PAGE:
areas around them. Next they want to connect even more telescopes together to create what
they're calling the Event Horizon Telescope, which will enable us to image the shadow of
the supermassive black hole at the center of our galaxy.
The shadow, a dark region against a brighter background, is caused by the bending of light
by the black hole, and would be the first direct observation ever made of a black hole’s
event horizon, the boundary that, once crossed, not even light can escape.
Finally, it's been known for some time that the Pioneer 10 and 11 spacecraft - way out
in the edges of our solar system - are slowing down and it's been really bugging the guys
at JPL. They couldn't figure out why and they called it the Pioneer Anomaly.
Well this week, they figured it out. The Pioneer spacecraft are being slowed down by the heat
from their own instruments.
The heat emanates from electrical current flowing through instruments and the thermoelectric
power supply.
The effect is very subtle, imagine the force of the photons from your car's headlights
pushing you backward as you drive.
Yeah, it's like that.
Launched in 1972 and 1973, Pioneer 10 and 11 are on an outward trajectory from our sun
and in the early 1980s, as the spacecraft were approaching Saturn, navigators saw a
deceleration on the two spacecraft, in the direction back toward the sun. They dismissed
it as the effect of dribbles of leftover propellant still in the fuel lines after controllers
had cut off the propellant.
But by 1998, as the spacecraft kept traveling on their journey and were over 8 billion miles
(13 billion kilometers) away from the sun, a group of scientists at JPL realized there
was an actual deceleration of about 300 inches per day squared (0.9 nanometers per second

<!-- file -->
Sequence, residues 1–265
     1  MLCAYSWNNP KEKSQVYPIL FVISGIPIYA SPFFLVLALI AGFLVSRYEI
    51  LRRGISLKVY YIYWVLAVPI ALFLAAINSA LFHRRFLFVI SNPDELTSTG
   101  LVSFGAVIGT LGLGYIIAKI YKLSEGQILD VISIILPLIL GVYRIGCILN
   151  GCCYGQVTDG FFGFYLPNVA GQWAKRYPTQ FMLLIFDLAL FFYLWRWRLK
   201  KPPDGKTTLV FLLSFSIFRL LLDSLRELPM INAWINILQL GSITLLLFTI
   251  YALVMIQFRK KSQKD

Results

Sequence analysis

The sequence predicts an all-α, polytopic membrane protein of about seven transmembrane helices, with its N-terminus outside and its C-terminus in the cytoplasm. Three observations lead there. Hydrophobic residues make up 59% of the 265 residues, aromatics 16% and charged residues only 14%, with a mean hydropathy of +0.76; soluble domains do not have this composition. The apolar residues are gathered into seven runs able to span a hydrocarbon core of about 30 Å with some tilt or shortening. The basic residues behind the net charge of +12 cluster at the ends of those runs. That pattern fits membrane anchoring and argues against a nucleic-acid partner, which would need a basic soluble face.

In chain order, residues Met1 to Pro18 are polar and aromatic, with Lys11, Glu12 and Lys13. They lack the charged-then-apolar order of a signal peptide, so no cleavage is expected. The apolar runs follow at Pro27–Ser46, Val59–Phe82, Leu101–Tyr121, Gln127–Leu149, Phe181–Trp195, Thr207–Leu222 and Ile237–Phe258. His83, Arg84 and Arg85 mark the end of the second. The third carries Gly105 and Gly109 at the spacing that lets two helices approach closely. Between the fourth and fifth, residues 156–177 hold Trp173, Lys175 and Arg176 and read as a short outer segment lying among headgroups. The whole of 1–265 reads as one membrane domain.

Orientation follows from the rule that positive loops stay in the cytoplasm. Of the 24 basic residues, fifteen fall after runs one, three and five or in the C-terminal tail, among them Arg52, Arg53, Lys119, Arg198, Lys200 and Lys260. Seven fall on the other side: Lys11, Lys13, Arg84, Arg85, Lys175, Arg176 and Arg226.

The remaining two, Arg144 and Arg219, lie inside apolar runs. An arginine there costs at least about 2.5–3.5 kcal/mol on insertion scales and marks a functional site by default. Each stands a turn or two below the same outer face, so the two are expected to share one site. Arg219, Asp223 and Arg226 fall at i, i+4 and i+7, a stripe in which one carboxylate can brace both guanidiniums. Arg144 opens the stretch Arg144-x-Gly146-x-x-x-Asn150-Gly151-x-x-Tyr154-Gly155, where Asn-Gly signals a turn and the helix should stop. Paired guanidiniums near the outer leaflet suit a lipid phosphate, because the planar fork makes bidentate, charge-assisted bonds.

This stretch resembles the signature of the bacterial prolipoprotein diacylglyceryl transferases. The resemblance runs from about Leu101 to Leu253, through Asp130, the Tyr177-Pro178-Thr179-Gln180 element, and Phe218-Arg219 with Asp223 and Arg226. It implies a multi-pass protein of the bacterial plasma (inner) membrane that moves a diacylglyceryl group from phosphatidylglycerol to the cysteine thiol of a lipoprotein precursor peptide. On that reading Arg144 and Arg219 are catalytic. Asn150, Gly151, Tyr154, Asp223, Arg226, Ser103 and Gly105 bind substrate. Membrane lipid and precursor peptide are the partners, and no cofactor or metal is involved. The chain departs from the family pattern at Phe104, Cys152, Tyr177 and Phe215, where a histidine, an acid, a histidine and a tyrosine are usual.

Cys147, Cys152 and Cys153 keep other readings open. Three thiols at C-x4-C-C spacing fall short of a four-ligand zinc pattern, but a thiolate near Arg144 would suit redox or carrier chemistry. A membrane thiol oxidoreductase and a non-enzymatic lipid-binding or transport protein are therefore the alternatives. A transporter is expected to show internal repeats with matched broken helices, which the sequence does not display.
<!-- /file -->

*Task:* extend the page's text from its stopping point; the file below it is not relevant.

Since they thought they had accounted for everything, some raised the possibility that
this could be some new type of physics that contradicted Einstein's general theory of
Well luckily the laws of physics survive to live another day, because they decided to
start gathering records stored all over the country and analyze the data to see if they
could definitively figure out the source of the deceleration.
They did this in part, because they were thinking about proposing a deep space physics mission
to investigate the anomaly, and they wanted to be sure there really was one before asking
NASA for a spacecraft.
So in classic 80's montage form, they went searching for Doppler data, the pattern of
data communicated back to Earth from the spacecraft, as well as telemetry data.
Now, you need to remember, at the time these two Pioneers were launched, data were still
being stored on punch cards. But luckily, there were some digitized files on a computer
at JPL which did the navigation and have helped steer the Pioneer spacecraft since the 1970s.
They also found over a dozen of boxes of magnetic tapes stored under a staircase at JPL and
received files from the National Space Science Data Center at NASA Goddard Space Flight Center,
Greenbelt, Md., and worked with NASA Ames Research Center, Moffett Field, Calif., to
save some of their boxes of magnetic optical tapes. He collected more than 43 gigabytes
of data, which isn't much by today's standards, but that was a lot for back then.
Sounds like it would make a good movie - for Space Fans anyway. They even got the help
of a Canadian programmer who heard about the effort and write a program to read the telemetry
tapes and clean up the old data.
They saw that what was happening to Pioneer wasn't happening to other spacecraft, mostly
because of the way the spacecraft were built. For example, the Voyager spacecraft are less
sensitive to the effect seen on Pioneer, because its thrusters align it along three axes, whereas
the Pioneer spacecraft rely on spinning to stay stable.
Well, that's it for this week Space Fans, thank you for watching and, as always, Keep
Looking Up!